Should I file early?

If you have all your paperwork in order, and you’re getting a refund, then it makes sense to file as soon as possible, Joe Burhmann, senior financial planning consultant at eMoney Advisor, told CNET. “From a planning perspective, the IRS likes that.”

If you owe money, though, you might want to wait until closer to the deadline.

“It gives you a bit more time to hold onto your money,” Burhmann said. “And it gives you time to figure out how to pay — whether that means getting a loan, putting it on credit cards or something else.”

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Experts agree direct deposit is the fastest way to get your refund from the IRS.


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But even if you’re not filing immediately, you should prepare your taxes as soon as possible. “Knowledge is always a good thing to have,” Burhmann said. “Make sure you’ve gotten your 1099 and know what you’re going to be dealing with.”

What happens if I miss the tax deadline?

If you’re owed a refund, there is no penalty for filing federal taxes late, though this may be different for your state taxes. Still, it’s best to e-file or postmark your individual tax return as early as possible. 

If you owe the IRS, penalties and interest start to accrue on any remaining unpaid taxes after the filing deadline. The late-filing penalty is 5% of the taxes due for each month your return is behind, with fees increasing to up to 25% of your due balance after 60 days have passed.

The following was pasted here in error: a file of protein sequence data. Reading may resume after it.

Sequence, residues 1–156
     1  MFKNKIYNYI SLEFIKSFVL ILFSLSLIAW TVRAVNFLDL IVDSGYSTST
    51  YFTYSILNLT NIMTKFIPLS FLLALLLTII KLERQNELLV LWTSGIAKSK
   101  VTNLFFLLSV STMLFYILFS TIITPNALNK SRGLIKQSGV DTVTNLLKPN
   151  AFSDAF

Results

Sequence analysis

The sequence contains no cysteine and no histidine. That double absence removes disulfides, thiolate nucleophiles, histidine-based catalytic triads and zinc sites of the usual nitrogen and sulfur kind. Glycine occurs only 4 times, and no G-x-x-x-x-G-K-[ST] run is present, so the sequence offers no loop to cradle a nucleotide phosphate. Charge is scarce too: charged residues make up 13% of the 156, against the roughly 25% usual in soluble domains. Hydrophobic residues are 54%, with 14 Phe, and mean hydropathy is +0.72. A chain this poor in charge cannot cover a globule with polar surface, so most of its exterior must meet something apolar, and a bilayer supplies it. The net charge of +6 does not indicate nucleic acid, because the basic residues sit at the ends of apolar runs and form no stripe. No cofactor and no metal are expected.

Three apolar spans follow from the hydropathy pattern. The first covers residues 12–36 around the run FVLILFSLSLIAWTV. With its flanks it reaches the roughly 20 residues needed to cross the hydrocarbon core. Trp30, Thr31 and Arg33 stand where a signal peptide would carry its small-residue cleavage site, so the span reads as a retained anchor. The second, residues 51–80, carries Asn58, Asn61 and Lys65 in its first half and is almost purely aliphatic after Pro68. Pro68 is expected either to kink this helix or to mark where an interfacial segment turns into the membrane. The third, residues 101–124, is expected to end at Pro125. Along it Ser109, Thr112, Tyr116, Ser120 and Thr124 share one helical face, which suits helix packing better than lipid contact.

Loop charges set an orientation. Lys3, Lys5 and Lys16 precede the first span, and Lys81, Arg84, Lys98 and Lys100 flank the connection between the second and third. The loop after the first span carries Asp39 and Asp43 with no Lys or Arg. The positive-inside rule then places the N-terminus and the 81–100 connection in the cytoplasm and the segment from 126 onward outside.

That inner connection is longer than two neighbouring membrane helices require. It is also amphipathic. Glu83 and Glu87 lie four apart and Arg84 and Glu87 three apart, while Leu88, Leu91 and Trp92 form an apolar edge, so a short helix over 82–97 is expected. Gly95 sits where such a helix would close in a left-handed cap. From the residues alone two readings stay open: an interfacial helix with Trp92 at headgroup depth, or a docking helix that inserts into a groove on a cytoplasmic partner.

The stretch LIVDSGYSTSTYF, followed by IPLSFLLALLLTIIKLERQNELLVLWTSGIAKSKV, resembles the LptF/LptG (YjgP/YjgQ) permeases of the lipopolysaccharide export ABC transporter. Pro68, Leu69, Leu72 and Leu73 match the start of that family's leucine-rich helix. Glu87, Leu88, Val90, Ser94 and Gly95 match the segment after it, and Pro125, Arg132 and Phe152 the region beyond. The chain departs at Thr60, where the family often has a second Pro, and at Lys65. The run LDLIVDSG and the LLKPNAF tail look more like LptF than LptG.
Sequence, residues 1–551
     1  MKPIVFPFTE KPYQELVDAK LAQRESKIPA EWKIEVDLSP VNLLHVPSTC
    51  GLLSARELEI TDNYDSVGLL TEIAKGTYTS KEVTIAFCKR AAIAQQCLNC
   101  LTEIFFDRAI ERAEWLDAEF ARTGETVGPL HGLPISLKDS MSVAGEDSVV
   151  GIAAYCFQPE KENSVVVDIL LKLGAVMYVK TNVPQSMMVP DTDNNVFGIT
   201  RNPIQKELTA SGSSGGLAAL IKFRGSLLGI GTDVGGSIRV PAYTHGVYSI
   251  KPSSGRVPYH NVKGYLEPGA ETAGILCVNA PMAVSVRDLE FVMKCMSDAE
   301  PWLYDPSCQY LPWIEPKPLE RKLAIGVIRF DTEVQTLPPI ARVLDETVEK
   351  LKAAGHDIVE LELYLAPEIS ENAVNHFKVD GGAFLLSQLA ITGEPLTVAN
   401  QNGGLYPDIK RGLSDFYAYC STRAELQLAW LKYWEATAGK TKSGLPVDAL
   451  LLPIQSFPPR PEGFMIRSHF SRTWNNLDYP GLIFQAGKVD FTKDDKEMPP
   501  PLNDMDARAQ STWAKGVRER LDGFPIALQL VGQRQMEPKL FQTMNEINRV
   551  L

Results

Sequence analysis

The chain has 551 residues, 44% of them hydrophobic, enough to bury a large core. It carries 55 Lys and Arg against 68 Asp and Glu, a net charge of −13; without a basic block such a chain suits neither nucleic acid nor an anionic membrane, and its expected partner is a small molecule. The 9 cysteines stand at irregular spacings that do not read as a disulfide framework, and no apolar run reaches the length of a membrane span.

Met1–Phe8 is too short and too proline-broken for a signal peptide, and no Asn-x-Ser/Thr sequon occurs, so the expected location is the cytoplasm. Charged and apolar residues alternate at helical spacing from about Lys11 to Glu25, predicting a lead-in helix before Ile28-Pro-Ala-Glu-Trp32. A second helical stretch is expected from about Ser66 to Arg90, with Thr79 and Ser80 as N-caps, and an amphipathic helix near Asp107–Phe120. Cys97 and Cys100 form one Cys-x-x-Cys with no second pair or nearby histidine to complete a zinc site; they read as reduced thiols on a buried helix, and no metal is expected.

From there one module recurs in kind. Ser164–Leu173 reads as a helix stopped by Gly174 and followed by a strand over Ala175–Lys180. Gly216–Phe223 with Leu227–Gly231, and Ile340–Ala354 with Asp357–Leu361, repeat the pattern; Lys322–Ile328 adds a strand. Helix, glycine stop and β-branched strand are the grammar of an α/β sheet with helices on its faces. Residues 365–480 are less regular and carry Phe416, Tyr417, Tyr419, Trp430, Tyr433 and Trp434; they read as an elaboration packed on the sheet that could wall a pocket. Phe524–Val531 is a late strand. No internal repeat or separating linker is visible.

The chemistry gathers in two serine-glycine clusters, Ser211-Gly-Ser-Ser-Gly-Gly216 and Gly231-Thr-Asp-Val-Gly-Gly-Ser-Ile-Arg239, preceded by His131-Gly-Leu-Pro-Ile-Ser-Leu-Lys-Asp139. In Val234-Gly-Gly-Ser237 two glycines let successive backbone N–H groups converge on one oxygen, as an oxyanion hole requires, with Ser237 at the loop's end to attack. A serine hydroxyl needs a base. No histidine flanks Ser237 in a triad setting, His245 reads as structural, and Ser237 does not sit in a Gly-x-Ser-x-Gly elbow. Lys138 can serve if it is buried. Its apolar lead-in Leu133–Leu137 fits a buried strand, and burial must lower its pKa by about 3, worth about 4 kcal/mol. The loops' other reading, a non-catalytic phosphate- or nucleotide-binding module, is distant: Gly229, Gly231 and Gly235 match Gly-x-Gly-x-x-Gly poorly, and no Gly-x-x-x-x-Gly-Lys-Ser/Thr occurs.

You may also incur a late-payment penalty, which is 0.5% of the taxes due for each month your return is late, with penalties increasing to up to 25% of your unpaid tax, depending on how long you take to file. 

Another caveat: If you’re serving in the military, including in a combat zone or as part of a contingency operation in support of the US armed forces, you may be granted additional time to file, according to the IRS.

File electronically and opt for direct deposit for your refund

The IRS is encouraging taxpayers and tax professionals to file electronically once they have all the information they need to complete an accurate return. That will avoid delays in the processing and issuing of refunds, child tax credits and recovery rebate credits, the agency said.

“Going online ensures you get the full amount of credit and refunds you’re due,” Burhmann told CNET.

Using direct deposit is the fastest way to get any refund or credits due to you, according to Rettig. Individuals can use a bank account, prepaid debit card or mobile app and will need to provide routing and account numbers. 

You can open an account at an FDIC-Insured bank or through the National Credit Union Locator Tool.

How do I check the status of my refund?

The IRS website features a handy web-based tool that lets you check the status of your refund (electronic or paper). There’s also a mobile app, IRS2Go.